Volvo has shared its vision for the future with the rest of the world, and it involves us possibly taking a nap while our cars drive themselves.
Various areas of technology have advanced so much in recent years that it's hard to imagine where we could possibly be going next. We use a smartphone or a console and just think to ourselves that there is no way this could be improved upon. Maybe upgraded here and there, but not replaced entirely.
Transport falls into that category too. We currently live in a world where even the farthest distance takes less than a day to travel. If we have the means to pay for it then we can quite literally travel to any corner of the world if we so wish. So how can traveling be improved upon? Well, Volvo recently showed us exactly how.
It's called the Volvo 360c, and it's essentially a self-driving car turned all the way up to 11. As reported by Digitial Trends, it may look like nothing more than a futuristic car on the outside, but that's where the similarities begin and end. Inside, there is no steering wheel, no pedals, not even a dashboard. Just an interior that can be altered to suit the passenger, and may even include a bed so that you can sleep the trip away as Volvo takes care of the rest.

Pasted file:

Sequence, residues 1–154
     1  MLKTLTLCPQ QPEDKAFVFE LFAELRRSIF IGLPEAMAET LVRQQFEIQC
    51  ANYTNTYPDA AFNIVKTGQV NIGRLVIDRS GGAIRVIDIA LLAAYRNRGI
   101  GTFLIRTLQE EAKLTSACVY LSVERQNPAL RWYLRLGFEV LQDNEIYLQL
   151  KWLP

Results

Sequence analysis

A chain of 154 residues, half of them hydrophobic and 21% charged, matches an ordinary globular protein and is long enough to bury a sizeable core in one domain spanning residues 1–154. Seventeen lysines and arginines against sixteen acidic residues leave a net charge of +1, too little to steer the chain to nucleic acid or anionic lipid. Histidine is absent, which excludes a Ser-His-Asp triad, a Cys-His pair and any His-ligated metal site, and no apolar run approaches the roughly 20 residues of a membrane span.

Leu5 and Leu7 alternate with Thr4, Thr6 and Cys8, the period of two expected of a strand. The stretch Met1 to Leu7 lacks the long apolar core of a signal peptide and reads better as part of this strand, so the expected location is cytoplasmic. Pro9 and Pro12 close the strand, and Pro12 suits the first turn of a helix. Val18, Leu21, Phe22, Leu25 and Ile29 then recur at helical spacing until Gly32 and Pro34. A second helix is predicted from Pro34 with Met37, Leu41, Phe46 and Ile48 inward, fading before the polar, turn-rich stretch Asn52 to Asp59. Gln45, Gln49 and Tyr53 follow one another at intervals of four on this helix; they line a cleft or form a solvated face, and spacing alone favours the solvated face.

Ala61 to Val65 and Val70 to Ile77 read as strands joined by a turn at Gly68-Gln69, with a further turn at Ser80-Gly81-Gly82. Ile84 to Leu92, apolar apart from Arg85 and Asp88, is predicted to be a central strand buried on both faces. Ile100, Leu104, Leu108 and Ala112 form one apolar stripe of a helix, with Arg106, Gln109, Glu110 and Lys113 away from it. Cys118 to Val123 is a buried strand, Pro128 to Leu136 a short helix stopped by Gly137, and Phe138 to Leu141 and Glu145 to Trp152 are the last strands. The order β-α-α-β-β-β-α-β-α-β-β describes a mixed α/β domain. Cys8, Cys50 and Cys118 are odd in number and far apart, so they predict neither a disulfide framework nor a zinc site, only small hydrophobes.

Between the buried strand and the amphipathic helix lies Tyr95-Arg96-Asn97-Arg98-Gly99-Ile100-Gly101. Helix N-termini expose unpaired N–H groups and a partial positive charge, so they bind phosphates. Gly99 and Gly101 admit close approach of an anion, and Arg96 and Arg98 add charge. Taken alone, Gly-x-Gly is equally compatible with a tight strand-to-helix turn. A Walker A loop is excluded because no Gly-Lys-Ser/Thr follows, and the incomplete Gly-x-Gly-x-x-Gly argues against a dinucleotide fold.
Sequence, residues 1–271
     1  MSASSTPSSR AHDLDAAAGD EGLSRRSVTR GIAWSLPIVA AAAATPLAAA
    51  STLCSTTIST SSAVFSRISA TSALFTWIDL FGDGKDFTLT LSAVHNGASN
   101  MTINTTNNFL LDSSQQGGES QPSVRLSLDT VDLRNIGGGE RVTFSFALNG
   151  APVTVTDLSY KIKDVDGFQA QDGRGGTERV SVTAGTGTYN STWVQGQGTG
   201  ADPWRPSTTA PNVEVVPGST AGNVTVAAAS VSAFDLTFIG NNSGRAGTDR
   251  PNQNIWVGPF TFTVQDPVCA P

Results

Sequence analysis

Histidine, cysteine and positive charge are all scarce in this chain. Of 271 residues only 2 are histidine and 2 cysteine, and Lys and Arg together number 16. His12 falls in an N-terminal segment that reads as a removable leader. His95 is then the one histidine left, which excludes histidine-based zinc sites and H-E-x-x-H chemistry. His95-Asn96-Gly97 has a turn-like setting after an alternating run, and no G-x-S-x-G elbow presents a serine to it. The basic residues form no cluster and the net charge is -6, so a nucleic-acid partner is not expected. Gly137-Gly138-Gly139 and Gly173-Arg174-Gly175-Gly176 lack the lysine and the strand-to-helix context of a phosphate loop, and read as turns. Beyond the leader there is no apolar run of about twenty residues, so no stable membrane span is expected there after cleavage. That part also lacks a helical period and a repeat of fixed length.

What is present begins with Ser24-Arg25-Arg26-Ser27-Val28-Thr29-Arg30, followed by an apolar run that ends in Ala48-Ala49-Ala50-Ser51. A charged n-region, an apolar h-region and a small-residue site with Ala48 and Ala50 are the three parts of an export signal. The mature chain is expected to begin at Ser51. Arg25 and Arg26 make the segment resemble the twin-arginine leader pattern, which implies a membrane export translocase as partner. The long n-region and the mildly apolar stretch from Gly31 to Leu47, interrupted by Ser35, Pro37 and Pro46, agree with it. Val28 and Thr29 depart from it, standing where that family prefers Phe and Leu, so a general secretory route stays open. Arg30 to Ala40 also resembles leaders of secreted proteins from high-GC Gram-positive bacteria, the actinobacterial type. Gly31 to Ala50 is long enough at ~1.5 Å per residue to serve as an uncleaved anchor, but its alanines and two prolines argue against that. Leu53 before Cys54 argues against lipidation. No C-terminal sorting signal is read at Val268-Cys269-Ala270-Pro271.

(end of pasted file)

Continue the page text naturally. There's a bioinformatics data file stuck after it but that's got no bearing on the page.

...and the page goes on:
Volvo's senior vice president, Mårten Levenstam believes that the 360c "could enable us to compete with the world’s leading aircraft makers." Passengers could choose to travel privately and in comfort via the self-driving pod rather than taking a flight, especially when it comes to shorter domestic trips. It even includes a special safety blanket, for those choosing to sleep in the vehicle, that works in the same way as a seatbelt does.
The report above and the comments from Volvo's SVP make it sound as if the future has arrived and that the 360c will soon be on the market. Sadly, that is not the case. Mr. Levenstam has simply described the designs and idea for the innovative new vehicle as a conversation starter. That knowing what the future of travel may look like will enable us to start tweaking how we design our cities and infrastructure. Self-driving cars like the 360c are not here yet, but they might get here sooner than we think.